warn, worn

The words warn, worn sound the same but have different meanings and spellings. Why do warn, worn sound the same even though they are completely different words?

The answer is simple: warn, worn are homophones of the English language.

  1. :: verb-transitive

    To make aware in advance of actual or potential harm, danger, or evil.

  2. :: verb-transitive

    To admonish as to action or manners.

  3. :: verb-transitive

    To notify (a person) to go or stay away: warned them off the posted property.

  4. :: verb-transitive

    To notify or apprise in advance: They called and warned me that they might be delayed.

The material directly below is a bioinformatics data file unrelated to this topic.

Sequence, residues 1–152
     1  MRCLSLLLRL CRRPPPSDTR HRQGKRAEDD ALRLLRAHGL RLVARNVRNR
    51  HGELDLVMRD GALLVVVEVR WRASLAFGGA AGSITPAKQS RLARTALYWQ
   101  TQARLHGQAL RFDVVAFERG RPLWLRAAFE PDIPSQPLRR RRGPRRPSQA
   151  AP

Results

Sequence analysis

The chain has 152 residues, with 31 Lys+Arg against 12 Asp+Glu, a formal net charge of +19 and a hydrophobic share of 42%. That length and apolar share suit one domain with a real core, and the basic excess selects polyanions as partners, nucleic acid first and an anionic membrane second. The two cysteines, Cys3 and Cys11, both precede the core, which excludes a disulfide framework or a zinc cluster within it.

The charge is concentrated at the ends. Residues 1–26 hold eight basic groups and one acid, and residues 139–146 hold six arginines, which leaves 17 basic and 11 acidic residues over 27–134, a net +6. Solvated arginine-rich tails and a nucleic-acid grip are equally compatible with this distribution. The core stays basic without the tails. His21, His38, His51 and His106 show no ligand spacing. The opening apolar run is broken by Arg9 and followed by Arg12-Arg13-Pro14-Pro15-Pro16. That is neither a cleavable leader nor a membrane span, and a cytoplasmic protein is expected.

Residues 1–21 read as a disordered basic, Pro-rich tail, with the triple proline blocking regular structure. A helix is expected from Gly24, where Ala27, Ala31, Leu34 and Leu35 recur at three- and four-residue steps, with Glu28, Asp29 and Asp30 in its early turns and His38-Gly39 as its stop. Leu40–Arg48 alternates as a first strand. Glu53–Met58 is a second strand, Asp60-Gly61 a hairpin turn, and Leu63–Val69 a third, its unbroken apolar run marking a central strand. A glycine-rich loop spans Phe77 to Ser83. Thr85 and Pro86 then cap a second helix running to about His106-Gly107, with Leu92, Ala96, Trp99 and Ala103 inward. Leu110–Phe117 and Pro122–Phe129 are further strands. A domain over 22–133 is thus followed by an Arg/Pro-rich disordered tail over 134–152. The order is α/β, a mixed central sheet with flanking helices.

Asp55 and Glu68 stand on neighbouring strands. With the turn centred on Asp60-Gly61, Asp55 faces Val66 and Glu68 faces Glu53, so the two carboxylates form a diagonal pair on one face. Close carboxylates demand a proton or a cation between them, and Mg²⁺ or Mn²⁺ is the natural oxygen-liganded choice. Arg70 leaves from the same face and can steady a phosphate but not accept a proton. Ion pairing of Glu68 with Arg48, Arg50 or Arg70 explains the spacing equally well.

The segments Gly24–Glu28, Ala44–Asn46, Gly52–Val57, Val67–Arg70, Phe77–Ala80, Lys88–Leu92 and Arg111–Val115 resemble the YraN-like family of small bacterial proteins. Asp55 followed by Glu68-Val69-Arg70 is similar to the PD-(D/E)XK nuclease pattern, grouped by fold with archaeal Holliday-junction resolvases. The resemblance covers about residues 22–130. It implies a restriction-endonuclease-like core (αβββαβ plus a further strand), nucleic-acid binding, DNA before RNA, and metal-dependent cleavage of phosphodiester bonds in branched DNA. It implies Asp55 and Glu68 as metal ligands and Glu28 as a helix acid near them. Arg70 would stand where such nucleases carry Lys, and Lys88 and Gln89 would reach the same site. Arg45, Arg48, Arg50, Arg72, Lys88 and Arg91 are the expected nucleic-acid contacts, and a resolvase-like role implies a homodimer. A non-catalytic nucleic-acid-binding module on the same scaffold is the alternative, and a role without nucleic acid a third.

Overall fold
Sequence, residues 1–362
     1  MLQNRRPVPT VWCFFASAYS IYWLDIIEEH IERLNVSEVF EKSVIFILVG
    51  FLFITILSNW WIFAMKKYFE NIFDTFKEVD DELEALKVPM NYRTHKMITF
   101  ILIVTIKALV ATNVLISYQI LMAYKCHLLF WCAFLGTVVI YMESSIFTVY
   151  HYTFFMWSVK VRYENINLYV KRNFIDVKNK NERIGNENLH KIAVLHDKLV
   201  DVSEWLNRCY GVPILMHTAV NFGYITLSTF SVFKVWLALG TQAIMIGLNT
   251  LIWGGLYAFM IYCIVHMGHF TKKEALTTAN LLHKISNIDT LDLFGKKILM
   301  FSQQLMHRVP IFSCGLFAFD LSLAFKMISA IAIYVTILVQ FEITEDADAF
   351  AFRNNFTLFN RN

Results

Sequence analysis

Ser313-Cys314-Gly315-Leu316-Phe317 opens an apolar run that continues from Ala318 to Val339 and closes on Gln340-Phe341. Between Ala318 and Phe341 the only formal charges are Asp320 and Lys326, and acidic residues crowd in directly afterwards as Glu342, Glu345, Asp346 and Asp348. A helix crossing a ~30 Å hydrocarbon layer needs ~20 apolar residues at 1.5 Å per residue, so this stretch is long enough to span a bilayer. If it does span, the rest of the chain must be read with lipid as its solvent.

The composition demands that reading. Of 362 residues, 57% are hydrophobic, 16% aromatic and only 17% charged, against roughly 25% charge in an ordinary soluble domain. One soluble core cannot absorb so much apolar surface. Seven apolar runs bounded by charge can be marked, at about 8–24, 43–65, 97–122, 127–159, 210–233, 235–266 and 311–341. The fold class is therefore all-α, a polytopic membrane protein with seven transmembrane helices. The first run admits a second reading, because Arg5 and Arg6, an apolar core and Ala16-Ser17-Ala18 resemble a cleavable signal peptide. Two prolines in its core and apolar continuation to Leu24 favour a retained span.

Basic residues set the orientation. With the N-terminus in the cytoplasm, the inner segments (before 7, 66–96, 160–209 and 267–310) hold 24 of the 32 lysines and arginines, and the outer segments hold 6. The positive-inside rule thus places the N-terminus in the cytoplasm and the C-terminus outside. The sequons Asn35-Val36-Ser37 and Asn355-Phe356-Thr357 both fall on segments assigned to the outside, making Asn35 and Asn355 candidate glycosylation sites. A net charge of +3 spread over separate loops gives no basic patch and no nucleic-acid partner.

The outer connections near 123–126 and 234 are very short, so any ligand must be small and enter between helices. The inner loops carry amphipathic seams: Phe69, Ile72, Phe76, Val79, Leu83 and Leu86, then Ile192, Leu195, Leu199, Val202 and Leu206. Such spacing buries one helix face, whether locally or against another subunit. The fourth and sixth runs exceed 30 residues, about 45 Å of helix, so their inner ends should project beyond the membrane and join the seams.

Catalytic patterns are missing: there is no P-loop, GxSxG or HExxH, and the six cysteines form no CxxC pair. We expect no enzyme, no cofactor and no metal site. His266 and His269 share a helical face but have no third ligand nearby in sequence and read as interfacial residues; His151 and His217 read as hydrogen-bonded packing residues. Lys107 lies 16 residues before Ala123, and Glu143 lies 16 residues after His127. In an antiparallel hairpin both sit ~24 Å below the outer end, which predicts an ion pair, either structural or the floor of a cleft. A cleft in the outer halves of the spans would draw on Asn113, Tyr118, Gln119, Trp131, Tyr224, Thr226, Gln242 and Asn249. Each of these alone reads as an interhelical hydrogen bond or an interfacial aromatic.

1. :: verb

    Past participle of wear.

  2. :: adjective

    Affected by wear or use.

  3. :: adjective

    Impaired or damaged by wear or use: the worn pockets on a jacket.

  4. :: adjective

    Showing the wearing effects of overwork, care, worry, or suffering.

Definitions from The American Heritage® Dictionary of the English Language, 4th Edition and Wordnik.

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About Homophones

Homophones (literally "same sound") are usually defined as words that share the same pronunciation, regardless of how they are spelled.

If they are spelled the same then they are also homographs (and homonyms); if they are spelled differently then they are also heterographs (literally "different writing").